Since she was there early and happened to be the sole occupant of the lobby now that Andrea had gone off to the ladies' room, Hannah walked around to take a look at the lovely rugs. The first rug showcased yellow roses and the rose name, Midas Touch, was woven into the border. As she explored the rest of the lobby and read the rose names, Hannah thought about how much fun it must be to name a rose. The purple ones were Ebb Tide, the pink were Tiffany, the orange blooms were Tahitian Sunset, the white were Polar Star, and her favorite, the red roses, were called Sedona.
As she neared the huge window overlooking the garden on the side of the lobby, she saw that a sizable area had been reserved for special use. Tonight it would be a dance floor with a raised platform that had been set up for a dance band. Chairs, microphones, and a sound system were already in place.
Hannah had just seated herself in a wing chair on the Sedona rose rug to wait for her sister when she saw Lisa beckoning to her from the doorway of the Red Velvet Lounge.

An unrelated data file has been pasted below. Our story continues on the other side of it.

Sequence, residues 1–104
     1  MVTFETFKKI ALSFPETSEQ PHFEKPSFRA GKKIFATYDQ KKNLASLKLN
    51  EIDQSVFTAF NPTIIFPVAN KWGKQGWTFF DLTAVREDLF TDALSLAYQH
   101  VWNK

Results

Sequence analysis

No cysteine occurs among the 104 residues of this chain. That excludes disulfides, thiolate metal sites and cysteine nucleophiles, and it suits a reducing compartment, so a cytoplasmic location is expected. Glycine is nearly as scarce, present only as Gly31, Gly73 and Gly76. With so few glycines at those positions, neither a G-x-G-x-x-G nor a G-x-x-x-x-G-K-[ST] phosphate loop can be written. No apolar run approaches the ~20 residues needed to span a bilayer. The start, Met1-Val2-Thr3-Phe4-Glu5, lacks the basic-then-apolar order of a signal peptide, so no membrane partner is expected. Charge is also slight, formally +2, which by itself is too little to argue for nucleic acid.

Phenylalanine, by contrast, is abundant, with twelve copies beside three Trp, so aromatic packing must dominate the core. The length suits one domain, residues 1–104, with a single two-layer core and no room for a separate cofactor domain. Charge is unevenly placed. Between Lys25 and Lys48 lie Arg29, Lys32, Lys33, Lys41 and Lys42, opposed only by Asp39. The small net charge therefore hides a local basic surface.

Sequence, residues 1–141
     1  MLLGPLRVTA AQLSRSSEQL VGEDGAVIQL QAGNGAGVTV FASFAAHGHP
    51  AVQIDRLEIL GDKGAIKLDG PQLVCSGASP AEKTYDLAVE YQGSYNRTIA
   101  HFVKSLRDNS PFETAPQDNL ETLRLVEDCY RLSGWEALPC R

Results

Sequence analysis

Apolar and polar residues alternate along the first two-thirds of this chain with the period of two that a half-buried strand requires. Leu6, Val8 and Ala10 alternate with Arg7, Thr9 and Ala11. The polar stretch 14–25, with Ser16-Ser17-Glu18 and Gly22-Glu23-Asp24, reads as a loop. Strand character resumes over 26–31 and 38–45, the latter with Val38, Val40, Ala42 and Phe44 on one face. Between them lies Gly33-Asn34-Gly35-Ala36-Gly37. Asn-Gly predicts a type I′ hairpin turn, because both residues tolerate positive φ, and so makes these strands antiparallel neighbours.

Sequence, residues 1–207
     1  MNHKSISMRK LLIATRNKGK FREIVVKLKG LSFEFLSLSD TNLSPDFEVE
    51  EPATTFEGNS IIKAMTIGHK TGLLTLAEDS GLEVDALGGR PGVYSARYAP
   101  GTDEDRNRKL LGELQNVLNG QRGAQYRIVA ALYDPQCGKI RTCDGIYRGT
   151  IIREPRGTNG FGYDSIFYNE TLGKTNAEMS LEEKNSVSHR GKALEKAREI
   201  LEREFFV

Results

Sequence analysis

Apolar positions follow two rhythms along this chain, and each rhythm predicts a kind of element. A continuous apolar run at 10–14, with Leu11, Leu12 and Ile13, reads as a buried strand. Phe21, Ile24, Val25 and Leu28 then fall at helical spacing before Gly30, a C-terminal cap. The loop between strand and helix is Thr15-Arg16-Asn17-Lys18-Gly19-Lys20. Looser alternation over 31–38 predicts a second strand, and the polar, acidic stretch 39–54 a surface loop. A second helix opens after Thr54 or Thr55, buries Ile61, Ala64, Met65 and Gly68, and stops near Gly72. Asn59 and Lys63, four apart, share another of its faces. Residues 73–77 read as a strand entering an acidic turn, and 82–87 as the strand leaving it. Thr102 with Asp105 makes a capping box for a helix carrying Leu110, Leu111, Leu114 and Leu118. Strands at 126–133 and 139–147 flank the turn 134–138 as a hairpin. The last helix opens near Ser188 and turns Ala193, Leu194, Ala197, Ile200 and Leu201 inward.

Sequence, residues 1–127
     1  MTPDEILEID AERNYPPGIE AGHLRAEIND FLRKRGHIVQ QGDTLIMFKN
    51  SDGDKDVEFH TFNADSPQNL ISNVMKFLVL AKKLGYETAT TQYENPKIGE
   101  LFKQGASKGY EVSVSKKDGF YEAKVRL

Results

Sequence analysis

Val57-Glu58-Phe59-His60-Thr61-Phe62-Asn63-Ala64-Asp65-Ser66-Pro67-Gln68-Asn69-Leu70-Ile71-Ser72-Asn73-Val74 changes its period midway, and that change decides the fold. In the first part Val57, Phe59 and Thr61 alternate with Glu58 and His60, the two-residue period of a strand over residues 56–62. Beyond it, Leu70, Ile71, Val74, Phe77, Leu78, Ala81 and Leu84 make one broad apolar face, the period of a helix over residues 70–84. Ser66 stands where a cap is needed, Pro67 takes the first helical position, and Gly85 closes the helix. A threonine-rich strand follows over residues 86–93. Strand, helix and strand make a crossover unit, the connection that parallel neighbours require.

"I need to talk to you, Hannah!" she called out.
"I'll be right there." Hannah got up and walked across the lobby to the bar and grill that occupied the other half of the hotel's ground floor. One glance inside the open doorway and she was suitably impressed. Roger Dalworth, the money man behind converting the old hotel, had done a great job of preserving an early nineteen-hundreds look. The faceted crystal decanters behind the highly polished oak bar glittered in the beams from halogen lights positioned at strategic places in the ceiling. The sepia-tone prints in old-fashioned frames that lined the wood-paneled walls depicted the Albion in its heyday. There were also some scenes of Lake Eden life from that time period, and a player piano complete with a wooden case that held at least three dozen piano rolls. Best of all, the banks of booths that lined the perimeter of the room were upholstered in a shade of red velvet that perfectly matched the color of the red velvet cupcakes that they were serving tonight.
Lisa was arranging cupcakes on the three-tiered revolving display that her husband, Herb, had built for them. When she spotted Hannah, she left her work and rushed over. "I'm glad you're here, Hannah. There's something I've got to tell you!"